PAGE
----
Exceptional Children: Introduction to Special Education

Justin is a second grade student who is struggling in the regular classroom. His classroom teacher met with the Child Study Team to brainstorm for appropriate regular education interventions. The interventions were not successful over a nine-week period. What is the next step for Justin?

Following the failure of the teacher’s intervention, the teacher should report Justin’s disability to the school administration. The administration should then undertake the necessary measures to make sure that Justin undergoes evaluation to find his specific needs. Once the evaluation team reaches a final agreement that Justin requires special educational attention, the next step is establishing an IEP (Individualized Education Program) team that will be responsible for tailoring an educational program that best suits him.

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The team will formulate Justin’s learning goals besides coming up with some specialized instructions that will act as a guideline throughout his education. The IEP team will also find Justin’s teachers as well as other professional service providers who will help him with his education program.

Once the IEP team is certain that Justin has all he requires for his education program, it will name the least restrictive environment suitable for his education. Throughout his education, the IEP will constantly evaluate Justin’s performance. Depending on his performance, the team may make some changes in the education program to make sure that he meets the IEP goals as well as performs well according to the general curriculum.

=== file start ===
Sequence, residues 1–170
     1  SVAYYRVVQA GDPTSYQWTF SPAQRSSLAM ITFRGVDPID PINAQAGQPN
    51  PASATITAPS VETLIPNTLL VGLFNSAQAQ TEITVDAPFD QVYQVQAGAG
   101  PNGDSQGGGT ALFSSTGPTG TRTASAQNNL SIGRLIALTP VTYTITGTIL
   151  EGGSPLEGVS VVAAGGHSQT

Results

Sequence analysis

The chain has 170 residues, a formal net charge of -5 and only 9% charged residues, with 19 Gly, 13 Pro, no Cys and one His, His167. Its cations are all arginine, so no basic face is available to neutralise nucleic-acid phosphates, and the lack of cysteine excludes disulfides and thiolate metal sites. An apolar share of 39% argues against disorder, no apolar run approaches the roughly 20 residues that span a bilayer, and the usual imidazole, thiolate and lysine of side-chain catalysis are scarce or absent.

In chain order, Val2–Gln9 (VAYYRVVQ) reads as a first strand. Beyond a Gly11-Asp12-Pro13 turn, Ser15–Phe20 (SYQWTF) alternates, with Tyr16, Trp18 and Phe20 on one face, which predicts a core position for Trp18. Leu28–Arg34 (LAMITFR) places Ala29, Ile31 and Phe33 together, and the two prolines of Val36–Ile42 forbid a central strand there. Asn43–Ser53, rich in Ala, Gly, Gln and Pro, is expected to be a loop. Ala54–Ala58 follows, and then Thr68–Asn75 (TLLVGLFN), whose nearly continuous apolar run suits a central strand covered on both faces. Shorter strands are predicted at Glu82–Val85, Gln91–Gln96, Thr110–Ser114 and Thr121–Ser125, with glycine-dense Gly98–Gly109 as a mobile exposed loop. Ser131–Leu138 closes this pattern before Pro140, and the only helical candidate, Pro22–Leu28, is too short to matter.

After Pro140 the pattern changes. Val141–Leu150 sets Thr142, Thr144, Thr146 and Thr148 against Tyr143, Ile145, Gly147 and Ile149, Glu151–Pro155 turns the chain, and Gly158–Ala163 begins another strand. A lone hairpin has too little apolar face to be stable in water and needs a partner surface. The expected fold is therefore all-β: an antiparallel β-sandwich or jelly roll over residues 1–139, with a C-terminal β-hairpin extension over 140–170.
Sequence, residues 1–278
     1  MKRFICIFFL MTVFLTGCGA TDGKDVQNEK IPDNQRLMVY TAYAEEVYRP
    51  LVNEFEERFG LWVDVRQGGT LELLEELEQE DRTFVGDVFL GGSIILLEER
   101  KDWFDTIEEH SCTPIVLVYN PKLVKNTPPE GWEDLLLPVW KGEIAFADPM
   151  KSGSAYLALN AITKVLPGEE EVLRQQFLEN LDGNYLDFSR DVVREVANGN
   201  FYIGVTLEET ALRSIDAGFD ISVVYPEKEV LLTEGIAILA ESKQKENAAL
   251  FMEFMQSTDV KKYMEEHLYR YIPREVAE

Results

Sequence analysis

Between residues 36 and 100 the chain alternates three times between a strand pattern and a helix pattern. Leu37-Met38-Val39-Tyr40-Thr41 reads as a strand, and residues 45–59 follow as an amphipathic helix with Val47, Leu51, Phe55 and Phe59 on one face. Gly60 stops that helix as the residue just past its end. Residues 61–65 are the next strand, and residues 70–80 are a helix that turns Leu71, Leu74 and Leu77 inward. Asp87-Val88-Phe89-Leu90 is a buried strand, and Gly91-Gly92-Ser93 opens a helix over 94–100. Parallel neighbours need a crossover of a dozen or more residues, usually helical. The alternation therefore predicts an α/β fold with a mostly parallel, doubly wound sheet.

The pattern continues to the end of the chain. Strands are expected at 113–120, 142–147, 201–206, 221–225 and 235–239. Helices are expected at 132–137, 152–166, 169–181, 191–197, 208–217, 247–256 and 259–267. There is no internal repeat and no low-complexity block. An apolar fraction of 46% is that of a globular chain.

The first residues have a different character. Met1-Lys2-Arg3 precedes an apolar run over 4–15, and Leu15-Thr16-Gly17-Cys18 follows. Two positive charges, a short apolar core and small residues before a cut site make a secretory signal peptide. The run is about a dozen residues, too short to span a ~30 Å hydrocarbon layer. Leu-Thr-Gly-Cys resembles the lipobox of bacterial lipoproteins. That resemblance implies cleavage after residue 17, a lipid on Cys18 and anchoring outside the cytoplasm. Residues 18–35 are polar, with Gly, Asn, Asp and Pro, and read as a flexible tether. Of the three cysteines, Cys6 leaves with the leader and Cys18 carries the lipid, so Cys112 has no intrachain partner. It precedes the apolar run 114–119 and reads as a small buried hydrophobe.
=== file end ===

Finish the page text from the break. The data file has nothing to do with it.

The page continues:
What components need to be included in an IEP?

An IEP has several components. It should provide information about the child’s current level of academic achievement as well as functional performance. This includes the effect that the child’s disability has on his/her performance. For pre-school children it should show how the disability affects the child’s participation in different activities. It should also include the program’s measurable annual academic and functional goals.

These consist of the goals designed to meet the child’s needs resulting from his/her disability as well as those designed to meet his or her educational needs. The third factor that forms part of an IEP is a statement of the services and the supplementary aids necessary for the success of the program. This should include a statement of any changes made on the program as well as the staff that the school may offer to enhance the success of the child’s education.

The changes made by the IEP team help in enabling the child to advance appropriately towards achieving the IEP’s annual goals. Another important aspect that forms part of an IEP is the mode of measuring the child’s progress in meeting the set annual goals as well as the periodic reports on his/her progress. An IEP should also explain the extent to which the student should take part in activities involving non-disabled as well as disabled children during regular class activities and in other circumstances.

An IEP should also outline any particular traits of the disabled child necessary for the proper measurement of the child’s academic and personal performance in the state and district assessments. The IEP should show the projected dates for commencing the services and changes besides showing the anticipated duration and frequency of the services and changes. For older students, an IEP should also provide information showing how the team plans to support the child’s transition from school to adult life.

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What is a PLEP (PLAAFP)? Identify the relationship between PLEPs and goals

A PLEP (Present Level of Educational Performance) is a summary of the current achievement or rather performance of a disabled student in the areas of need as determined by an evaluation. It addresses a student’s strengths, effective teaching approaches as well as the interventions that are necessary in enhancing his/her success. It also gives an explanation of how the student’s disability affects his/her performance not only academically but also in the general curriculum.